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Applied Mathematics and Informatics in Drug Discovery (AMIDD) {-}

Jitao David Zhang$^{1,2}$

$^{1}$ Pharma Research and Early Development, Roche Innovation Center Basel, Pharmaceutical Sciences, Grenzacherstrasse 124, 4070 Basel, Switzerland \newline $^{2}$ Department of Mathematics and Informatics, University Basel, Spiegelgasse 1, 4051 Basel, Switzerland

Description {#desc}

  • Course title: Applied Mathematics and Informatics in Drug Discovery (AMIDD)
  • Semester: Every autumn Semester starting from 2019
  • Course frequency: every autumn semester
  • Lecturer: Jitao David Zhang (
  • Weblink:
  • Bibliography: Lecture notes and slides. Recommend reading and media will be distributed.


Applied mathematics and informatics is indispensable in modern drug discovery to enable decisions that have direct impacts on lives. This introductory course will offer a practitioner's review of mathematical concepts, informatics tools, and industrial approaches in relevant fields, especially bioinformatics, molecular modelling, cheminformatics, mathematical modelling, experiment design and statistical inference, and machine learning. It is hoped that the students are exposed to the interdisciplinary and multiscale modelling nature of drug discovery, and are motivated to deepen their knowledge in relevant fields in future study and practice, to be able to solve open challenges in drug discovery.

Learning objectives

  • We explore the drug-discovery process and study applications of mathematics and informatics with case studies.
  • We examine how mathematics concepts and informatics tools are used to model complex systems at multiple levels, and how the multiscale modelling approach contributes to drug discovery.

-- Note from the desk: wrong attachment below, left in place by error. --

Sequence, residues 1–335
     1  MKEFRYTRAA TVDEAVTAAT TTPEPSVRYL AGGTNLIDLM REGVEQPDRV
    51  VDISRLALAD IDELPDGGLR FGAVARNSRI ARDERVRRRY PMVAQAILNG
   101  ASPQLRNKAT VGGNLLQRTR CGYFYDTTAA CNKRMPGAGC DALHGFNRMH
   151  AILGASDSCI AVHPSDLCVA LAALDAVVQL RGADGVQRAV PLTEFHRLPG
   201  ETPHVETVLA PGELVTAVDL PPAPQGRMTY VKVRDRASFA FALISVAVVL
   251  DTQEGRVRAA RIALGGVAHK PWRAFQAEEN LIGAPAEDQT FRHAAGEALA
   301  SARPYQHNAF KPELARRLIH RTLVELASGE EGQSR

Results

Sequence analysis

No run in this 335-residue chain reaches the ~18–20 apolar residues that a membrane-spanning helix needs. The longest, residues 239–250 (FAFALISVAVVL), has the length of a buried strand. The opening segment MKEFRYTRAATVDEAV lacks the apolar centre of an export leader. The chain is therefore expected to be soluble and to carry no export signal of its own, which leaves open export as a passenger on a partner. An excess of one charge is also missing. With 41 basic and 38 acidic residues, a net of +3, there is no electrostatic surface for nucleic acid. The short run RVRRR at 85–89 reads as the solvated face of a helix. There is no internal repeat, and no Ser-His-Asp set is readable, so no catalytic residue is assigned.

• We encourage interdisciplinary thinking, application- and question-driven learning, and teamwork.

Admission requirements

  • Language of instruction: English
  • Course auditors welcome: yes

Any students interested in applied mathematics and informatics can participate. Students with background in biology, chemistry, and pharmacy are also welcome if they are interested in quantitative aspects of drug discovery.

Though no prerequisite courses are obligatory, elementary understanding of statistics, probability, calculus, and ordinary differential equations are helpful. High-school knowledge in physics, chemistry, and biology are required. Knowledge and proficiency in at least one programming language (preferably C/C++, Java, R, Python, or Julia) is very helpful to try real-world problems.


  • Applied mathematics
  • Applications and Related Topics (Computer Science)
  • Life-science informatics


Scores will be given in scale 1-6 by 0.5, by participation (20%), near-end-term presentation (30%), and end-term oral examination (50%).

Syllabus of autumn semester 2021-2022

  1. Drug discovery: an overview
  2. Biological sequence analysis
  3. Protein structure and function
  4. Chemical structure representation and search
  5. Molecular interaction and modelling
  6. Omics: genomics, transcriptomics, and proteomics
  7. PK/PD and PBPK modelling
  8. Clinical trials and population modelling
  9. Bayesian modelling, machine learning, and causal inference
  10. Dies Academicus - optional AMA session
  11. Guest speakers (to be announced)
  12. Student presentation (I)
  13. Student presentation (II)

Content and Format